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Schneiders Site Redevelopment
#16
(12-11-2015, 11:31 AM)tomh009 Wrote:
(12-11-2015, 11:01 AM)panamaniac Wrote: I was wondering about that myself - isn't the large parking lot down Kent also part of Schneiders?  I'm also not sure about the empty area bounded by Stirling, the train tracks and Palmer (behind the properties fronting on Courtland).  I thought that used to be parking for Schneiders as well, but I can't remember.

Hmmmm, you might be right on that, although I can't remember for sure. 

They did own the land between Mill and the railroad that now has the townhouse complex.  Not sure about the vacant land on the other side of the creek from the townhouses, next to the industrial buildings.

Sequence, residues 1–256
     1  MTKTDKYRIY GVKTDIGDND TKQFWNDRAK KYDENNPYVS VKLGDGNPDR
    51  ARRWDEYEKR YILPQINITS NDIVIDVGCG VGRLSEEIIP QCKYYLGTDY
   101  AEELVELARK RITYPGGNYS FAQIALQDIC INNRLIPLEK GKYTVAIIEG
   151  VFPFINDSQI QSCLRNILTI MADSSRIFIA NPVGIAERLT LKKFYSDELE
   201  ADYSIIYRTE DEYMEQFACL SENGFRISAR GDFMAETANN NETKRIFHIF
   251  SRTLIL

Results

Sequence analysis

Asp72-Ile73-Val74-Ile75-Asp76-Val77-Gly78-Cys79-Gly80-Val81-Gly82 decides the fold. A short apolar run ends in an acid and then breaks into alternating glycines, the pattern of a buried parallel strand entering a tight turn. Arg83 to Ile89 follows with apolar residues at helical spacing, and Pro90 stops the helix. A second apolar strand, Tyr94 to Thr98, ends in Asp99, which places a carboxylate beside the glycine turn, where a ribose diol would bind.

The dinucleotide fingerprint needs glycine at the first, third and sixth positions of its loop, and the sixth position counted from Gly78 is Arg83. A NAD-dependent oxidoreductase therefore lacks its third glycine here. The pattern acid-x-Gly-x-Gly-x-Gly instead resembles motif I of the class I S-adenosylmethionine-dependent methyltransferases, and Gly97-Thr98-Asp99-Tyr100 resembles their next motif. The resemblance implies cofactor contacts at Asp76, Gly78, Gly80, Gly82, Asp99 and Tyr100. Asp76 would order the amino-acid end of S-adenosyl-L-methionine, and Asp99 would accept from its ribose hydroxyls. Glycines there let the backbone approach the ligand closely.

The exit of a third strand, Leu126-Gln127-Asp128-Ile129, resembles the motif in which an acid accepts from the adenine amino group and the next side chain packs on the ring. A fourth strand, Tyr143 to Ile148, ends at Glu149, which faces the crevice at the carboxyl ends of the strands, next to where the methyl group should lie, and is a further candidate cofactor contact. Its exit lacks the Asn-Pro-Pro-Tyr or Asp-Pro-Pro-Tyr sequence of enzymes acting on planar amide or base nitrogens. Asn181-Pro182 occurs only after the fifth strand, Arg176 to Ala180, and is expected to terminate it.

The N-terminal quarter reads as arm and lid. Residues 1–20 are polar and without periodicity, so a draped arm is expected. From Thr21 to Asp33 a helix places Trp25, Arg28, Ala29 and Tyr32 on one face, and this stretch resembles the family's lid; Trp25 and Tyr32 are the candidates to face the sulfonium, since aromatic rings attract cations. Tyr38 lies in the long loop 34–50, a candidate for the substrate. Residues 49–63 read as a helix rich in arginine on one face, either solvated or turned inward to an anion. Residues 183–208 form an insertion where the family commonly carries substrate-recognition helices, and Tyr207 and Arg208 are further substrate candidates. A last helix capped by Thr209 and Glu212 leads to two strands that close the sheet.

No, I don't know who owns that area but I'm pretty sure it was never Schneiders.  I don't know who that lot belongs to but it has been more or less "orphaned" since I can remember (quite a long time!).  We used to play there when we were kids and in the winter it made for pretty good tobagganing, as it slopes down to the creek.  If the Parkway could be extended under the tracks to the Schneider site, it would make pretty good public space/natural area, imo.
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#17